To be successful, a person needs to love the game they’re playing (whatever game that may be). They need to love the whole game: winning, losing, and all the preparation that goes on before. This week our strategy for success comes from Pat Head Summitt at the University of Tennessee. No one loves the game more than her.
Last week I discovered something new about corporate e-mail systems. Their spam filters don’t like Red Auerbach! Whereas a kinder, gentler coach might have said, “Love the Players,” cigar-chewing Auerbach • with a flare for the dramatic • was inclined to put the matter this way: “Love the bastards.” He was actually making an important point. To be successful, we have to love our people even when they’re being a pain in the neck.
Unfortunately for some of you, when I put the word Auerbach chose in the Subject line of the weekly Provision, a few corporate spam filters rejected the e-mail because it had a prohibited word. Sorry about that folks! If you want to read last week’s Provision in its uncensored entirety, visit our Provision archive (Click)
Between last week’s Provision and this week’s, we capture two of the most critical elements to success in leadership and life. We have to both love our people and love the game. We need both compassion and passion. That’s a winning combination, each and every time.
If there’s any coach that embodies such a combination it’s Pat Head Summitt, the woman whose passion for the game launched the NCAA women’s basketball program into the modern era. When she started in 1974 at the University of Tennessee she was a mere graduate assistant and her pay was a stipend ($250 a month). She obviously she didn’t do it then, and she doesn’t do it now, for the money. She coaches college basketball • and continues to coach college basketball (rather than move to the pros) • for the love of the game.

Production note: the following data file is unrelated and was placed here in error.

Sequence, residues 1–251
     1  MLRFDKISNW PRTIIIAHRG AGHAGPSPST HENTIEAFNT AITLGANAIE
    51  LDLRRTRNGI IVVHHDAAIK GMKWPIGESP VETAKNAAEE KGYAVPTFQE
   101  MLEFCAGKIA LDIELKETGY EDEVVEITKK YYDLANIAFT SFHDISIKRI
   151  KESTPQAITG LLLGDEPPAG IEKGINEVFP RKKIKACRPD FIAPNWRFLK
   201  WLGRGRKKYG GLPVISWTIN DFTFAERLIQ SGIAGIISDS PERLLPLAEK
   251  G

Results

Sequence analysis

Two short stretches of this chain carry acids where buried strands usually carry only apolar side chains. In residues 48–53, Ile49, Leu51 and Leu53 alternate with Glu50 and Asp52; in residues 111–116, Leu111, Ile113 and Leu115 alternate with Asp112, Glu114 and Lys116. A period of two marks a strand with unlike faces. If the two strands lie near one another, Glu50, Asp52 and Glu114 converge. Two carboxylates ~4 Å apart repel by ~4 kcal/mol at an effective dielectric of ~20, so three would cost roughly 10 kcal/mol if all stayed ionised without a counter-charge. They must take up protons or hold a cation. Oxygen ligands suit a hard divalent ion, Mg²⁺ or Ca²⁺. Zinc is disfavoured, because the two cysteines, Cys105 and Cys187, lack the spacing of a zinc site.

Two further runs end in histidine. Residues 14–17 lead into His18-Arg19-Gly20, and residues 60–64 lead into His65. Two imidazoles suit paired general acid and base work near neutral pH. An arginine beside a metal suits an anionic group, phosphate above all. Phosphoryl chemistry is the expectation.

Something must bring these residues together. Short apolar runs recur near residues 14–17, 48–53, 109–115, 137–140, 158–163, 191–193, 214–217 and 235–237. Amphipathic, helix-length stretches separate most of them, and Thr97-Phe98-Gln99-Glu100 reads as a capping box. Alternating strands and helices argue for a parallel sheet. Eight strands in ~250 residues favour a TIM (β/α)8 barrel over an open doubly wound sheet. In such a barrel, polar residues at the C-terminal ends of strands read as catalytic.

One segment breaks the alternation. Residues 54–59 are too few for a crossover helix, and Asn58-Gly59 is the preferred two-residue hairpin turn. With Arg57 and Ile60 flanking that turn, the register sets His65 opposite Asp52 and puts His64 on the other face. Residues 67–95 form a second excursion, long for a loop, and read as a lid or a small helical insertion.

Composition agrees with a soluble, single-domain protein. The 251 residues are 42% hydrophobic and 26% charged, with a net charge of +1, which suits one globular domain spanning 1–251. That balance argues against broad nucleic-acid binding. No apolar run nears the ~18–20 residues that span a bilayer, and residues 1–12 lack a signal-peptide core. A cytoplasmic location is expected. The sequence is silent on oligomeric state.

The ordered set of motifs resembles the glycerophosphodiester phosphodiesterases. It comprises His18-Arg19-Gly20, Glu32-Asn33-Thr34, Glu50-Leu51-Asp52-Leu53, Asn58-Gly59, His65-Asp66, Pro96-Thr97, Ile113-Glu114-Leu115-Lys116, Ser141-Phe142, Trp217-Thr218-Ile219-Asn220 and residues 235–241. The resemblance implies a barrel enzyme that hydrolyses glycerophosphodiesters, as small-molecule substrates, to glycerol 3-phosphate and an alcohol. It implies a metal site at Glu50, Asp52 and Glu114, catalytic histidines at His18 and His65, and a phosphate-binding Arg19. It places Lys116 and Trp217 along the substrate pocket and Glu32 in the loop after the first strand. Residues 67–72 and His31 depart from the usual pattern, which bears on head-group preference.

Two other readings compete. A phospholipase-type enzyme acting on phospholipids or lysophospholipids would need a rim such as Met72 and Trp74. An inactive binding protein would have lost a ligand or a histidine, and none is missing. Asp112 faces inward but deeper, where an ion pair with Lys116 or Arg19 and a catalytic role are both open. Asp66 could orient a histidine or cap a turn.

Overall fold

“To be successful, year after year,” she puts it quite plainly, “you have to love the game. I have a tremendous passion for the game, for working with young people, and for winning. It’s something that motivates me to go out and work on a daily basis with individuals, and watch them develop • and to see their game, obviously, to see them get better, to see the results right there.”
“You get instant feedback in this profession. And I like that, whether it’s good or bad. We’re constantly being reinforced for what we’re doing on a daily basis. I love working with kids. I mean I just love it. If I was not coaching • and I’ve often wondered this • I’d be in a classroom somewhere. I’d be working with kids on a playground. I’d be, obviously, somewhere spending my time with young people. They give me energy. I just love it. It’s in my system so that’s why I keep on doing it.”
“Besides, I hate to lose. I do. I just absolutely get physically sick. It’s particularly bad when it comes down to something we can control • we being the players and the staff. If it’s effort, then obviously I’m upset with the players and everyone else. If it’s execution, I’m the first to take blame for that because that’s my job, to prepare to be ready to execute and to hope that a team will go out and respond.”
Now that’s someone who loves the game! To get physically sick when the game doesn’t go according to plan is to make the game part and parcel of your very being. Such passion sure motivates a person to get out of bed every morning, for the past 30 years and counting.